7. “I’ve hired a mobile fueling company that comes in three days a week in the evening and fuels all of our trucks. They barcode each truck so not only do we save on labor to fuel trucks but we have a good tracking system of how much fuel each vehicle uses.” —Dean DeSantis, president of DeSantis Landscapes, Portland, Oregon
    8. “Have all tools purchased, spray painted/ marked and put in piles for easy spring distribution. Tools should already be sharpened and lubed. We have all vehicles and equipment completely looked over and serviced prior to the start of the season.” —Mike Wheeler, managing partner and operations manager, Boreal Property Management, Jackson, Wyoming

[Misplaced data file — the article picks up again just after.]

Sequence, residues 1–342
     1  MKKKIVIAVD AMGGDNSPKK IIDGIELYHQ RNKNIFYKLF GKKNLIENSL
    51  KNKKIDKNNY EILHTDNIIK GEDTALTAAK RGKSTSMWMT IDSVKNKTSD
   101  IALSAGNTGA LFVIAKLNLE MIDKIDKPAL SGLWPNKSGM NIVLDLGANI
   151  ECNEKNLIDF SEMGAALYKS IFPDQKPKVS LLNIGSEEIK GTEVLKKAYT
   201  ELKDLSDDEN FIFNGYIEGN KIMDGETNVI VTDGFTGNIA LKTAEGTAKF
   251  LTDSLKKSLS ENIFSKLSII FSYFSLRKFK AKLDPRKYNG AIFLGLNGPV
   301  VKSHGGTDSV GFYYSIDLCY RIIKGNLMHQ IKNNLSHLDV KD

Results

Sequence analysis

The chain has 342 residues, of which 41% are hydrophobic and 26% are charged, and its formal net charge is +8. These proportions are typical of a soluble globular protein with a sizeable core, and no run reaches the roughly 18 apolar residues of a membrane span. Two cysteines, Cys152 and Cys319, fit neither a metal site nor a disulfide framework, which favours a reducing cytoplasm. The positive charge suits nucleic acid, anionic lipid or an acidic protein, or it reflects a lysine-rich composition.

9. “We used to get so busy that we were hiring out of desperation. Basically if you were breathing, we’d put you to work, whether you were good for the job or not. That wasn’t always good for business. Now, we’ve adopted the mantra of ‘always be a recruiter.’ We are hiring yearround so that we’re never doing it out of desperation.” —Giuseppe Baldi, account manager, Baldi Gardens Inc., Arlington, Texas
    10. “Overhire because 18 percent of our maintenance labor is likely not going to be able to cut it. Do not get stuck in a bind of having to settle for poor workmanship or not having enough employees to service your customers.” —Eric Taylor, manager, Lynch Plant Health Care, Sudbury, Massachusetts